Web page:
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Olga Bell: From Russian Classical Pianist To Brooklynite Dance Musician

Olga Bell's latest album, <em>Tempo</em>, is a move away from her classical roots — and towards electronic dance music.
Nicholas Prakas
Courtesy of the artist
Olga Bell's latest album, Tempo, is a move away from her classical roots — and towards electronic dance music.

Olga Bell is a classically trained pianist who has ventured deeply into the world of electronica — and now, on her new album, Tempo, into dance music.

Bell was born in Moscow, grew up in Anchorage and now lives in Brooklyn. She joined NPR's Scott Simon from a studio in London to talk about her childhood memories of Russia and the double life she led as a classical musician and hip-hop fan. You can hear their conversation at the audio link, or read on for an edited version.

Scott Simon: How did you begin work on Tempo?

Olga Bell: I guess I felt a compulsion to dance, to do something physical. My previous record was sort of intellectually motivated, and this one was just much more about dancing!

You graduated from The New England Conservatory — and you've been playing music, I gather, from a pretty young age.

I have been. I started piano when I was 7, and I was a very serious classical pianist until was about 21.

And then what happened? I mean, you're still a serious pianist, but, then what happened?

Well, I'll tell you what happened: I didn't get into Julliard's graduate program. Isn't that such a first-world problem to have? [ Laughs.] And then everything changed after that: I moved to New York, got a laptop, started with GarageBand and gradually kind of made my way into songwriting and production.

What do you love about electronic music that maybe didn't connect with you in classical music?

Well I sort of led a double life when I was strictly a classical musician. I would do what I considered my job, which I loved, and which was to honor the wishes of my Russian mother and my Russian piano teacher. And I practiced, and I did my competitions and recitals and really loved it, and really flourished. But then, when nobody was looking or paying attention, I would listen in my spare time to Radiohead and Bjork and lots of hip-hop, lots and lots of A Tribe Called Quest and Wu-Tang Clan. And I would play those beats and sort of frolic in the sound-world.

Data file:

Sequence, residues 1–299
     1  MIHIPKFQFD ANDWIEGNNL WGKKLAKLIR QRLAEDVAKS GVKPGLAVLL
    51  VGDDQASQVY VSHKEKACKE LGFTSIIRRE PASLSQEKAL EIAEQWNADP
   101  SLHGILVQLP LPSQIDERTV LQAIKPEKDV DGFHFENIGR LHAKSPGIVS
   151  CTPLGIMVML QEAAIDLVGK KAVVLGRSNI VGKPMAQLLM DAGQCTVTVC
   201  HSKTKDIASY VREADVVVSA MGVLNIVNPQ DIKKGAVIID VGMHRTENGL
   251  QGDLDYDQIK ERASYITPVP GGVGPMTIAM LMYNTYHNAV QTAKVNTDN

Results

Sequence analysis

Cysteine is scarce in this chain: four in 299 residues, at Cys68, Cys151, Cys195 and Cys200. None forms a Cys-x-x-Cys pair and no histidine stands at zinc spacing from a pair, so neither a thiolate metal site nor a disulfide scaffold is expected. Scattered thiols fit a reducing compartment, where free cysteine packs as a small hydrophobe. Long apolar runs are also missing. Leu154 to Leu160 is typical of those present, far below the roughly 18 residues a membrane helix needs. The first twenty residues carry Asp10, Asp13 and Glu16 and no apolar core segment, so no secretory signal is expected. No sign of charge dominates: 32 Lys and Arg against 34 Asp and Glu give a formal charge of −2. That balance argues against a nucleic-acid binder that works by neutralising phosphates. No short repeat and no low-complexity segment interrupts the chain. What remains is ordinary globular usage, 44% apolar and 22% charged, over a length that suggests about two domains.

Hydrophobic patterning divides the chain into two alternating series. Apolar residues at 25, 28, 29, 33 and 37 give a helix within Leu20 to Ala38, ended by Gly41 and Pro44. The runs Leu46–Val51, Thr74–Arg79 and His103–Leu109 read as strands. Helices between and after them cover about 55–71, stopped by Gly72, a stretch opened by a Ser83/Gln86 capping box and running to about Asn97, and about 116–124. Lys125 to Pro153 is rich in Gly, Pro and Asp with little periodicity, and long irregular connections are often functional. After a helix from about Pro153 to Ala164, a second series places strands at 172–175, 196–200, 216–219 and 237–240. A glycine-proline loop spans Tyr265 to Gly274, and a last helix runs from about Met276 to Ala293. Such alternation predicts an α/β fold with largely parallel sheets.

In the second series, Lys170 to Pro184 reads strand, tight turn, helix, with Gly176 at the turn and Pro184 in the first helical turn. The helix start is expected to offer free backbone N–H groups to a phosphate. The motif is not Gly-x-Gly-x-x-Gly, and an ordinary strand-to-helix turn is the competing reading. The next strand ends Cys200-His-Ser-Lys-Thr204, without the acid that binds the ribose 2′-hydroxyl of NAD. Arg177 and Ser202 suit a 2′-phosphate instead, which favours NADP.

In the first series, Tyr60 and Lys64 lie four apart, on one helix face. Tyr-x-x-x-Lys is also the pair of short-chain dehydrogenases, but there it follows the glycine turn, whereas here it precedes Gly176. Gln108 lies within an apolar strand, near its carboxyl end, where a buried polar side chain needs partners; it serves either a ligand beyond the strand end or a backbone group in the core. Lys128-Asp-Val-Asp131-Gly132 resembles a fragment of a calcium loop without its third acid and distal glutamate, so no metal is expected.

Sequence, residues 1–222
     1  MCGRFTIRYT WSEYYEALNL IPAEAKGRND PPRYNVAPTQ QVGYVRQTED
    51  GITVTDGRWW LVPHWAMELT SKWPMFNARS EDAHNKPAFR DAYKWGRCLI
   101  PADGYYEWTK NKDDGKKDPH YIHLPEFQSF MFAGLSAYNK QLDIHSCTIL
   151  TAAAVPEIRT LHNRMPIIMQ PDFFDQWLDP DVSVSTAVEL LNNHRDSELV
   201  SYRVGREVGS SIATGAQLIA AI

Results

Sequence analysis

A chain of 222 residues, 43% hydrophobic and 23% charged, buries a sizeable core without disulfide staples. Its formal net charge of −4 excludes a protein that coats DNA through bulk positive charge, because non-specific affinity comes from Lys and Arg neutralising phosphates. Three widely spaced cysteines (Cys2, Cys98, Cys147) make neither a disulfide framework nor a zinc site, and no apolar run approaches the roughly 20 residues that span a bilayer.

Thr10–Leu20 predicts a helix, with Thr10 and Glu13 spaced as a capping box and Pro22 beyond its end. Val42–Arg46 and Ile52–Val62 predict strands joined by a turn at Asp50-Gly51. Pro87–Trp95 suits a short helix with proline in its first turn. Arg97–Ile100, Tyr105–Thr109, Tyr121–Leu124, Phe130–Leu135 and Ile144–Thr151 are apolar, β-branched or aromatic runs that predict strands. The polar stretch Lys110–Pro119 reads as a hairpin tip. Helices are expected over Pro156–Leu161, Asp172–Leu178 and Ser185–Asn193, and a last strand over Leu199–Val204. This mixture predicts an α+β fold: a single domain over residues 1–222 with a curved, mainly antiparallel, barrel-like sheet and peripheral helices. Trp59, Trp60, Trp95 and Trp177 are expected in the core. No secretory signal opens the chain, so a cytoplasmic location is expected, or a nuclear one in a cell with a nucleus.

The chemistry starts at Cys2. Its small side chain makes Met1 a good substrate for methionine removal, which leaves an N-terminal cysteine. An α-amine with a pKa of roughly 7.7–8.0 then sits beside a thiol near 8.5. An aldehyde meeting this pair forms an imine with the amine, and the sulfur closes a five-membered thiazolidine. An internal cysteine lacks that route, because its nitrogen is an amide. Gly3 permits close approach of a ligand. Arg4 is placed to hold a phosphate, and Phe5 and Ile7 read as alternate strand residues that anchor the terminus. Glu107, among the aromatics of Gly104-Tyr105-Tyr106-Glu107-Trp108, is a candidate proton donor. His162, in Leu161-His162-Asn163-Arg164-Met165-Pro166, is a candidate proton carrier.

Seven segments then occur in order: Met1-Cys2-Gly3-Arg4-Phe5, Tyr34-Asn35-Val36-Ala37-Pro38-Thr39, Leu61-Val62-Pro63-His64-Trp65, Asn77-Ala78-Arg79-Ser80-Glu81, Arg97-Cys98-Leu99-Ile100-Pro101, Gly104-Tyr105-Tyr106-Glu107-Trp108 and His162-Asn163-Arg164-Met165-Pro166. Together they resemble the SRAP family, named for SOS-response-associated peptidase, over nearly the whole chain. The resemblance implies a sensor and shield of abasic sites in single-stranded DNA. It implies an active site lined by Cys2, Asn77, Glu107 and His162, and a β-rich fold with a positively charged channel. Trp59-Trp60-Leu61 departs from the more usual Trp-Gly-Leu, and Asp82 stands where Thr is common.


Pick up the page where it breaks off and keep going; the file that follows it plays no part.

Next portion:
And because of the way I was trained in very serious piano study, I guess as a Russian — or maybe as anybody — it's like gymnastics or ballet, and I wasn't really encouraged to dabble in anything else or explore any other interests. So I had this double life, where I was listening to all this music for fun that I was never allowed to make.

Did you parents know?

Yeah, they knew. But as long as I practiced my sonatas and everything, it wasn't really a problem. It wasn't really until I ran into this, what at the time seemed like a pretty catastrophic failure, that I let myself try my hand at this other music world.

Where do you hope this music brings you? What do you want to say? What do you want to do?

I hope that it enables me to continue to travel, to share with people, and get people moving. It's that kind of record, I guess.

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